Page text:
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0DTE options are unique options that expire on the same day they are traded. They are available for indexes such as the S&P 500 or the Nasdaq 100, or highly liquid stocks like Apple or Tesla.Spencer Platt/Getty Images

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Investors are constantly looking for ways to outperform the market – to make outsized returns without taking on undue risk. For some, that has meant dabbling in options trading.

In the past year or so, there has been a surge in activity in the options market from retail traders looking for ways to profit from short-term price movements and volatility. One of the most popular strategies is to trade options that expire within a day, also known as zero-day-to-expiry (0DTE) options.

0DTE options now make up half of all S&P 500 options trading activity, according to JPMorgan Chase & Co. But these strategies are among the riskiest in the investing world.

Not many advisors are willing to work with clients to help them dip their toes in zero-day options trading. However, there are lower-risk ways to benefit from the trend.

The first step in understanding zero-day options trading is getting a grasp on some of the underlying concepts. Options are contracts that give the buyer the right, but not the obligation, to buy or sell an underlying asset at a specified price and time. The seller of the option, also known as the writer, receives a premium from the buyer in exchange for taking on the risk of fulfilling the contract if the buyer exercises it.

Options have different expiration dates, ranging from weekly and monthly to quarterly. 0DTE options are unique options that expire on the same day they’re traded. They are available for indexes such as the S&P 500 or the Nasdaq 100, or highly liquid stocks like Apple Inc. AAPL-Q or Tesla Inc. TSLA-Q.

0DTE options are attractive to retail traders for several reasons. First, they offer a high-leverage effect, meaning that a small amount of money can control a large amount of exposure to the underlying asset. They also have a low cost of entry, as the premiums are typically cheap due to the short time value.

They also allow traders to capitalize on intraday price movements and volatility spikes, which can be driven by news events, earnings reports, or market sentiment.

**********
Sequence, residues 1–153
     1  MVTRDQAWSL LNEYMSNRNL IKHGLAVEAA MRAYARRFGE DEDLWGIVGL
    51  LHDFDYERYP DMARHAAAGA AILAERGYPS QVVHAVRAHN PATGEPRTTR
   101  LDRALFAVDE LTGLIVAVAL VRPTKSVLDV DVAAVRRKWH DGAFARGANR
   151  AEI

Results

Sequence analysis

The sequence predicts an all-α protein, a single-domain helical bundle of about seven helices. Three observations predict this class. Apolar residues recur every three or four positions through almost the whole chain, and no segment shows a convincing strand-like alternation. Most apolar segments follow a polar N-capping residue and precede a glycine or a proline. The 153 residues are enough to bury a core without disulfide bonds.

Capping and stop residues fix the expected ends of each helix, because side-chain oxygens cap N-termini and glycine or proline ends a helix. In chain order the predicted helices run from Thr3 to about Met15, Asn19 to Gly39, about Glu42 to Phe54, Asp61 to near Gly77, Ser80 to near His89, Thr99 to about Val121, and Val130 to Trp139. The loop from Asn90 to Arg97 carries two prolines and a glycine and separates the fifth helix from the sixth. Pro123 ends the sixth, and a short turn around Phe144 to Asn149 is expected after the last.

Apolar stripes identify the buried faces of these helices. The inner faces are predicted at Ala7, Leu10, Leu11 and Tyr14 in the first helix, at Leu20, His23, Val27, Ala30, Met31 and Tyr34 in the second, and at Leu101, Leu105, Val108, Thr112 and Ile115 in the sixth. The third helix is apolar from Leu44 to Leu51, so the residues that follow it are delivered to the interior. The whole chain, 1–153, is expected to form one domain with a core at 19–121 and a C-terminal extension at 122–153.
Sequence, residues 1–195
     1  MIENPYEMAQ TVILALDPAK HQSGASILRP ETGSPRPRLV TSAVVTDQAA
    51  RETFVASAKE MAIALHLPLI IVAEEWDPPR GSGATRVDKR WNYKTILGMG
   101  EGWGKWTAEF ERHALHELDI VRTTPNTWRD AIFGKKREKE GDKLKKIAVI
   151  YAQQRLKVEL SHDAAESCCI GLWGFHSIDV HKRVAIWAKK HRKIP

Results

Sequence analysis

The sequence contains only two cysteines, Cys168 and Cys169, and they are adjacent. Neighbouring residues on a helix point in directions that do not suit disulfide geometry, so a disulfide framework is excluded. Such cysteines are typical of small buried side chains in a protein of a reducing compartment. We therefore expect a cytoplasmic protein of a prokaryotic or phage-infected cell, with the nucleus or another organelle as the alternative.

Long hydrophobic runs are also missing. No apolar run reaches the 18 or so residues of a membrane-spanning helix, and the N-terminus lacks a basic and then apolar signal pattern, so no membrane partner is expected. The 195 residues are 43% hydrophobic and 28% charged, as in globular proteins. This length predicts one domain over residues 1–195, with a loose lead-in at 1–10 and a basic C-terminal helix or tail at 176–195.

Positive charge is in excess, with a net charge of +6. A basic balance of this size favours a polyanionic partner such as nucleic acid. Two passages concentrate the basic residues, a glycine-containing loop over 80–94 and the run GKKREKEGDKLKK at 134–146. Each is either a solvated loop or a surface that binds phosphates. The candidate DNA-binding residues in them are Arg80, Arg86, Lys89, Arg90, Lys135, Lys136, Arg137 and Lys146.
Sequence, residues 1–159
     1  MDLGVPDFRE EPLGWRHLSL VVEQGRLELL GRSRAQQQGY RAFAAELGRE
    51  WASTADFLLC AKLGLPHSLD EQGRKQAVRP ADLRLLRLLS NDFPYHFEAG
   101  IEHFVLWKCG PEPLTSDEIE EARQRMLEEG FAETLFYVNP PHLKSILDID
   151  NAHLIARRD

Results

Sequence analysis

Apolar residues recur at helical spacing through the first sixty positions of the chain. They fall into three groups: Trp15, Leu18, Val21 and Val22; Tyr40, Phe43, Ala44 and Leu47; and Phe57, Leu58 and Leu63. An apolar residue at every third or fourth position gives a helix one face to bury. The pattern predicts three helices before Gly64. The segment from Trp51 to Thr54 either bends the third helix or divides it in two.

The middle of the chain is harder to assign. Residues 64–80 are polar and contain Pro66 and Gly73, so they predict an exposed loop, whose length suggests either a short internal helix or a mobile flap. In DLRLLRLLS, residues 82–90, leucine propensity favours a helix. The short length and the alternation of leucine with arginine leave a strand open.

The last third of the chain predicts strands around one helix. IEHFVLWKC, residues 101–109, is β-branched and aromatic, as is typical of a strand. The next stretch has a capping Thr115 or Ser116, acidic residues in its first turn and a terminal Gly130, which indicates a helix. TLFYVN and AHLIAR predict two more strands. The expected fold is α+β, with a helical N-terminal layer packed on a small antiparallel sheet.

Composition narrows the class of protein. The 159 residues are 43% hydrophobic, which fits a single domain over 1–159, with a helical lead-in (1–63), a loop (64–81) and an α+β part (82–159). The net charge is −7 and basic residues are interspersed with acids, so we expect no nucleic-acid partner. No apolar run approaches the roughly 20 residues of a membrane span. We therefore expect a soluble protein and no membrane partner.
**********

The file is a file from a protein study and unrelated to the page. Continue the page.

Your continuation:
“It’s a great way to protect and hedge your portfolio,” says John Christofilos, senior vice president and chief trading officer at AGF Investments Inc. in Toronto.

“If you have a view on a very short-term move in the market, you can use these zero-day options as a hedge against the impact of a certain event.”

It could be an earnings report, protecting the investor against the stock going one way or another, he adds.

Advisors reluctant to use zero-day options

However, Mr. Christofilos has concerns as well and worries not enough people understand the impact zero-day options can have on a portfolio.

“They expire at the end of the day. They can expire worthless, and whatever you put in is gone at the end of the day if it doesn’t go your way,” he says.

“There are very few investments in the world [in which] you can lose all your money in one day. Everyone wants to learn, and the best way to learn is when you lose your money.”

Most Canadian investment advisors are also reluctant to add 0DTE options trading to the strategies they offer their clients.

Chris Thom, president and portfolio manager at Moat Financial Ltd. in Vancouver, does see the attractive side.

“Zero-day options have a short timeline, lower cash outlay and higher leverage,” he says. “Those are all attractive things if you are trying to ‘get rich quick,’ but if you get it wrong, you can lose a lot of money very fast.”

In trading these options, the investor needs to get the market direction, amplitude and timing right, which is easier said than done, he adds. The cost of these strategies can also be high as commissions add up.

Despite having experience trading options, Mr. Thom says zero-day options are not something he uses for clients.

“I would put it a notch higher than speculative and consider it gambling, which doesn’t align with our risk tolerance or values,” he says.

A lower-risk way to benefit from the zero-day trading trend is through an exchange-traded fund (ETF).

Defiance ETFs LLC, a thematic fund company based in Miami, has recently launched two funds that utilize 0DTE trading – Defiance Nasdaq 100 Enhanced Option Income ETF QQQY-Q and Defiance S&P 500 Enhanced Option Income ETF JEPY-A.

“We believed that selling 0DTE options could provide enhanced income for investors looking for outsized yield, and willing to take on the same risks as the underlying index,” says Sylvia Jablonski, chief executive officer and chief investment officer at Defiance ETFs.

“The potential income from these funds could prove to be the top yielding within the ETF marketplace.”

Indeed, the funds have paid out an eye-popping annualized return of 67.5 per cent and 55 percent for their first distributions. They have attracted more than US$100-million in combined assets in less than a month.

Some market observers are concerned that the proliferation of 0DTE options could lead to increased systemic risk – the chance for a serious market event such as the “flash crash” of 2010.

In a recent blog posting, AGF’s Mr. Christofilos detailed a scenario in which a big move in market prices may push short-term options well “into the money,” leaving sellers unable to support their positions. In turn, this may lead to forced covering that could result in intraday selling or buying worth as much as US$30-billion.

“Anytime a lot of money flows to one asset class, it doesn’t end well,” he says.

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